Qualifying for a NASCAR race takes many steps. The path to joining the organization's racing circuits requires, at minimum, a NASCAR driver's license, a car, a crew and some connections.
A NASCAR license can be obtained through the organization's national headquarters or through a NASCAR-licensed track. From there, drivers must get an approved car and hire a crew, both of which are expensive. To be successful, today's racing car drivers must possess not only an understanding of how a car's various systems work, but also business savvy.
The easiest way to secure the necessary financial backing is to make connections with well-funded team owners who can then find sponsors with deep pockets. Racing is an expensive sport, and drivers must maintain high-level sponsorships and cash flows to be successful, notes HowStuffWorks.
The next steps require a mixture of talent and luck. By entering and winning lower-level competitions, drivers gain visibility, which can help attract more sponsors and investors and increase their chances of getting a big break, says NASCAR driver Parker Kligerman.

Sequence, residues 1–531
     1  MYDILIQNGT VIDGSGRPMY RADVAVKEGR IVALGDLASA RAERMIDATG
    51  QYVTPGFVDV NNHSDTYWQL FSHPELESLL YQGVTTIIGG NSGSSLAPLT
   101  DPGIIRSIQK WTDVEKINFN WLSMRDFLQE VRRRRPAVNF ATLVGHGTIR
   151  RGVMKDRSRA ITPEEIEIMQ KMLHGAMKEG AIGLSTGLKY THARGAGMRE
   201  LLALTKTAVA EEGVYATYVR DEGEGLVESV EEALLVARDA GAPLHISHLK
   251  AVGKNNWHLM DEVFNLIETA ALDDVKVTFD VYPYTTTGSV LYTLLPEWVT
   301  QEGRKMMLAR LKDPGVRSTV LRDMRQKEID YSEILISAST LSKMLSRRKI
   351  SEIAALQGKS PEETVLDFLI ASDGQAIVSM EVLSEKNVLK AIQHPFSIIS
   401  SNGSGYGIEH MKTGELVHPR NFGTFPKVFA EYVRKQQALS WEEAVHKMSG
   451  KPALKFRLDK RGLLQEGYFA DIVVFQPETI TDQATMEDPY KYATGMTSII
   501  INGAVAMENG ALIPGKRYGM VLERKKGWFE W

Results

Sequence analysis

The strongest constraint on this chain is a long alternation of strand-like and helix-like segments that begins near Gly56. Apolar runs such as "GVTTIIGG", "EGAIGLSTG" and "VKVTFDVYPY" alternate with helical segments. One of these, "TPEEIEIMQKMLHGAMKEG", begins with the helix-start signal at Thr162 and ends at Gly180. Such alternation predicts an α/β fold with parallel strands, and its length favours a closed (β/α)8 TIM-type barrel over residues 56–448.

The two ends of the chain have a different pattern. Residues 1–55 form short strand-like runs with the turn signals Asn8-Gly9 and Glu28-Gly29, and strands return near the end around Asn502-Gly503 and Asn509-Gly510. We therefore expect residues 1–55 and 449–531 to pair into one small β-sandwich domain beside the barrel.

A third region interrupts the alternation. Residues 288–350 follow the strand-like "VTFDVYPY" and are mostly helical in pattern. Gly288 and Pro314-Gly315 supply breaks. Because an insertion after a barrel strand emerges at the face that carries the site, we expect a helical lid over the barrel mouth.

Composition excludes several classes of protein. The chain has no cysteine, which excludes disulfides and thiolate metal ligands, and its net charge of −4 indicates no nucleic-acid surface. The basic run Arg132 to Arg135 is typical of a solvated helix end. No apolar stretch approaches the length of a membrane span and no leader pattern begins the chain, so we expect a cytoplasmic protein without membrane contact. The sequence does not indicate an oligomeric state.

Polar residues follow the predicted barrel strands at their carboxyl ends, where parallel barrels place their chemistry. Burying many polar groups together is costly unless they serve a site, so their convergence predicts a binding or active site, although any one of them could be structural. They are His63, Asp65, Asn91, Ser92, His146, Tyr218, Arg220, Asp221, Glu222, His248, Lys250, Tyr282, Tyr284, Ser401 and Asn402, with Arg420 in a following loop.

Young people with NASCAR aspirations need to get involved with a local racetrack to begin building knowledge and experience. They can learn a lot by watching the flow of operations and can even build relationships with racing personnel who can help them later. Another critical step to racing qualification is getting behind the wheel of a motor vehicle as soon as possible. Underage drivers can join a local go-kart organization to get much-needed track time, notes Motorsport.com.